Oil edged higher on signs China may do more to boost growth, but remained within the narrow band in which it’s traded this month.

Benchmark Brent was near US$83 a barrel, after trading listlessly in a $4 range in May. While poor Chinese credit and inflation data at the weekend showed the government struggling to boost demand in the world’s top crude importer, a series of planned long-term sovereign bond sales point toward authorities seeking to do more to aid growth, and support energy consumption.

Crude has flatlined after beginning a downward arc in mid-April, with prices giving up most of the risk premium triggered by tensions in the Middle East. Last week saw the biggest reduction in net-longs for Brent, West Texas Intermediate and the three main fuel futures contracts in a year, a sign of the speed with which traders have exited the market.

“It’s been a reasonably wild ride if you go back for the last couple of months,” said Aldo Spanjer, senior commodities desk strategist at BNP Paribas, said in a Bloomberg TV interview. “Right now, not many people will see the fundamentals as supportive to bring supplies back,” Spanjer said of the next production moves from OPEC+.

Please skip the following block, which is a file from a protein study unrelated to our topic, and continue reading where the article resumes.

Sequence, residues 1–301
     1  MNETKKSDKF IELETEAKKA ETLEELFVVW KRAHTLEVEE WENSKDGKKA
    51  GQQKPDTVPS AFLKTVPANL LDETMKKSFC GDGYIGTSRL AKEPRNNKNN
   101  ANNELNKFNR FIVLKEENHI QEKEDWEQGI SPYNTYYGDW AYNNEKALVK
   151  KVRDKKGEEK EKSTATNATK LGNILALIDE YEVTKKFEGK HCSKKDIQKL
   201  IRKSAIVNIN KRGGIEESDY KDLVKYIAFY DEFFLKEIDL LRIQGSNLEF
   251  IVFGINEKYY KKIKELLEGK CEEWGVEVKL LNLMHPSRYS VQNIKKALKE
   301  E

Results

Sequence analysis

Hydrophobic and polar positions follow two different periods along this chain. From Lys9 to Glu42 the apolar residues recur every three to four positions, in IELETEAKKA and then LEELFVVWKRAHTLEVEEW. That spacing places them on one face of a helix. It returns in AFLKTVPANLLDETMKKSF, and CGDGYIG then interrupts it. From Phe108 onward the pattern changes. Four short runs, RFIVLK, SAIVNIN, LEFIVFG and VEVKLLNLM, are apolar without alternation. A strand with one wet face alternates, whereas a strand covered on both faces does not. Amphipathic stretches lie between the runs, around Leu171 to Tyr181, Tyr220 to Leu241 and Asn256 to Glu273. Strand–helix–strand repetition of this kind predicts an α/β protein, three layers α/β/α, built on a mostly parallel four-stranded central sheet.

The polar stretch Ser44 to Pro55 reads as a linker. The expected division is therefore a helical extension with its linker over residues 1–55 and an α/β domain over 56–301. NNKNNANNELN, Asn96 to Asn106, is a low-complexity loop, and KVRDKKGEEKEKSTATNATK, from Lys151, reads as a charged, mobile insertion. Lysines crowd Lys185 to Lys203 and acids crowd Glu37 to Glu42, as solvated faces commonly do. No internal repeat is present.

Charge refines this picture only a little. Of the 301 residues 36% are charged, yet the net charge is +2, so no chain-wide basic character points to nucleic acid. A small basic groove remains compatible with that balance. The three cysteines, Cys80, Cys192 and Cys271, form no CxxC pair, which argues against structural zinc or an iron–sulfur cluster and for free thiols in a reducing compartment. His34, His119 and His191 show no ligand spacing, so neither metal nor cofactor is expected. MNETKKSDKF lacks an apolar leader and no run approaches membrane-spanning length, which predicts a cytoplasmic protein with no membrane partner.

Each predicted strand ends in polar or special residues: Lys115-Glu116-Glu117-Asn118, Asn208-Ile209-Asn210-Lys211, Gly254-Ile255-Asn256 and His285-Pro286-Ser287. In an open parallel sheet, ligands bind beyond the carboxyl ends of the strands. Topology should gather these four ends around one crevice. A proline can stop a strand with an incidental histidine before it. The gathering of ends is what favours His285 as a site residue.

Iraqi Oil Minister Hayyan Abdul Ghani initially said at the weekend that Baghdad had cut production enough and wouldn’t agree to more. But later, he said that any decision was a matter for OPEC, and it would stick to whatever the group decided. The group meets with its allies June 1.

Until then, oil traders are looking ahead to a data-heavy week. In addition to monthly reports from OPEC and the International Energy Agency, there will also be inflation figures in the coming days that will shape views of the U.S. Federal Reserve’s trajectory on interest rates.


  • Brent for July settlement was 0.3 per cent higher at $83.02 a barrel at 11:20 a.m. in London. Earlier, Brent lost as much as 0.6 per cent.
  • WTI for June delivery rose 0.4 per cent to $78.55 a barrel.